“Remember to conduct yourself in life as if at a banquet. As something being passed around comes to you, reach out your hand and take a moderate helping. Does it pass you by? Don’t stop it. It hasn’t yet come? Don’t burn in desire for it, but wait until it arrives in front of you. Act this way with children, a spouse, toward position, with wealth – one day it will make you worthy of a banquet with the gods.” – Epictetus, Enchiridion, 15
I’m going to reference the meditation directly because I’m not sure I can offer anything better. If life is seen as a banquet…
…reflect that we’re lucky to have been invited to such a wonderful feast (gratitude)
…take our time and savor the taste of what’s on offer (enjoying the present moment)
…to stuff ourselves sick with food and drink serves no one, least of all our health (gluttony)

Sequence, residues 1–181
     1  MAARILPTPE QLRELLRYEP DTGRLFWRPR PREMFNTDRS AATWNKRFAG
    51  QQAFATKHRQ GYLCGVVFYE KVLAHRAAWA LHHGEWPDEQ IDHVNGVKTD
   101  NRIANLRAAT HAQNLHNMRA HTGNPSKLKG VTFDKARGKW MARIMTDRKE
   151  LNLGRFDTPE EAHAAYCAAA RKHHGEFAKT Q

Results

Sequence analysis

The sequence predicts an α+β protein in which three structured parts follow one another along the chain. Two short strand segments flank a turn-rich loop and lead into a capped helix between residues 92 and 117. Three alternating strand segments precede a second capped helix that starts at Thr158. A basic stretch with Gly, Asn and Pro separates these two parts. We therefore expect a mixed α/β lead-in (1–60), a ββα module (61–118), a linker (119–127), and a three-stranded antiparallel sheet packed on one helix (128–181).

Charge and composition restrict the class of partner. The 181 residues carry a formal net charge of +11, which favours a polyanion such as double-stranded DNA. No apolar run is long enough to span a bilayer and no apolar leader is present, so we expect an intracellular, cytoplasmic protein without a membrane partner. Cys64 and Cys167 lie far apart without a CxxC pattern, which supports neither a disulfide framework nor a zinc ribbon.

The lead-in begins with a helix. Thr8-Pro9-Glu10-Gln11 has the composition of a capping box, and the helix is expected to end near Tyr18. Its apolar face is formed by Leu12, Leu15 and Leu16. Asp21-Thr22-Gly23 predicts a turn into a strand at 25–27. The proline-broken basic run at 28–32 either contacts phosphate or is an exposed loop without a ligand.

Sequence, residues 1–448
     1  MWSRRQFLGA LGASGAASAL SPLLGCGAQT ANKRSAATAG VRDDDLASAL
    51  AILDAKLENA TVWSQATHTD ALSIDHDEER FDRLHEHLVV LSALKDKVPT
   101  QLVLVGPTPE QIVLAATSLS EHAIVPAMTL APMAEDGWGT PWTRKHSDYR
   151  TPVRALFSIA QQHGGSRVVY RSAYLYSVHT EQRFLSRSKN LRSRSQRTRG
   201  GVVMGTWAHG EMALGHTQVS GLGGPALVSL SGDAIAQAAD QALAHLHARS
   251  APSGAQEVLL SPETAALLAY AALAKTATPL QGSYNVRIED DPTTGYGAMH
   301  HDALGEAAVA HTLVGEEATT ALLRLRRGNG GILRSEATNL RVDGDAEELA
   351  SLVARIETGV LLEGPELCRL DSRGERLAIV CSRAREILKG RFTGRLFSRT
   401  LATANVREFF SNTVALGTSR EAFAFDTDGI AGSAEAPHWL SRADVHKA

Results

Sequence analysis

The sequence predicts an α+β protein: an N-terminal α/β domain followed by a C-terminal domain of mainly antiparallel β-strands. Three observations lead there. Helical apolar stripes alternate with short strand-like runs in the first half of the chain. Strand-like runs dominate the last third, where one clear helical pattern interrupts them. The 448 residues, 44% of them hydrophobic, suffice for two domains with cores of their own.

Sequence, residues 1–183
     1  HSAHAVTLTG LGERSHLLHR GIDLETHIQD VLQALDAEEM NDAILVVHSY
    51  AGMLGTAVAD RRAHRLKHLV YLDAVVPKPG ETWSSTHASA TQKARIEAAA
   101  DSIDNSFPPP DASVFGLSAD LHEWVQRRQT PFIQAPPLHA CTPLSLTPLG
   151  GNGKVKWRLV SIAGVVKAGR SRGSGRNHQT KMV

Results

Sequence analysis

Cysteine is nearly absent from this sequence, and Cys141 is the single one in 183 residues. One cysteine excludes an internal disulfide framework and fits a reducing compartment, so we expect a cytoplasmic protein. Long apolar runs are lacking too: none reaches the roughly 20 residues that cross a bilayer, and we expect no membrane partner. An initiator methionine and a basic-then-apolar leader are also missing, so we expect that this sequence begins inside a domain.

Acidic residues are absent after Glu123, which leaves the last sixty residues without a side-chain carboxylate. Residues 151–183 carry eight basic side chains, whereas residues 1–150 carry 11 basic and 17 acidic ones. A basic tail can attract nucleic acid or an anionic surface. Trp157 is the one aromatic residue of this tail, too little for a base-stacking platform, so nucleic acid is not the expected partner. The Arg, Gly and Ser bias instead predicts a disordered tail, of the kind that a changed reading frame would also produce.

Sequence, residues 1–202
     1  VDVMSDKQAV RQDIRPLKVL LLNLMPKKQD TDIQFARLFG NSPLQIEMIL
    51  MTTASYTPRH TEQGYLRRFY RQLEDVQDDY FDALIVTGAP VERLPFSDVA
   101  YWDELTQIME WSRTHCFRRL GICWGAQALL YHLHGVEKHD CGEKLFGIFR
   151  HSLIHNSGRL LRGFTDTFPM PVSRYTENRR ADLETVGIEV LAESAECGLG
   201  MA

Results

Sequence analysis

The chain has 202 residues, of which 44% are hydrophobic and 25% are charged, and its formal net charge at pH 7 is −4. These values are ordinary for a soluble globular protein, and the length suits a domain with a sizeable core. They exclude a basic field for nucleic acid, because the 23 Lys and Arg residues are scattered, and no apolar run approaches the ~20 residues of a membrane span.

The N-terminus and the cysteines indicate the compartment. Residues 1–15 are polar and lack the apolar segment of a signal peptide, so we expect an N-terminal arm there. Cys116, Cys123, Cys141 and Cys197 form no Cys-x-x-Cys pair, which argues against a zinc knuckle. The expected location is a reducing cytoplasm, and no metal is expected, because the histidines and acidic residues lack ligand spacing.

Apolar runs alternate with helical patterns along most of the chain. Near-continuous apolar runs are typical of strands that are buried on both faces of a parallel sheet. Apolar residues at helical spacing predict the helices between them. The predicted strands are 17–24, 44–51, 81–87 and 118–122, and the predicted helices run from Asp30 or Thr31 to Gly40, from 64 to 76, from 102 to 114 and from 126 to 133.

…at the end of the meal, it’s rude not to help the host clean up and do the dishes (selflessness)
…next time it’s our turn to host and treat others just as we had been treated (charity)
At family events hosted at one’s home, it is tradition to help clear the table and do the dishes. We have events with friends where we’ll designate different homes to host our gatherings. If we take the time to be grateful for the moment we will not be distracted by those things being passed around the table that we want. They will come to us eventually. And what if that basket of rolls comes to us empty? What if there are no more in the oven? Then we should be thankful for what is on our plate.
Maybe the simple question is this: at a banquet is the food more important than the people? The simple answer is no.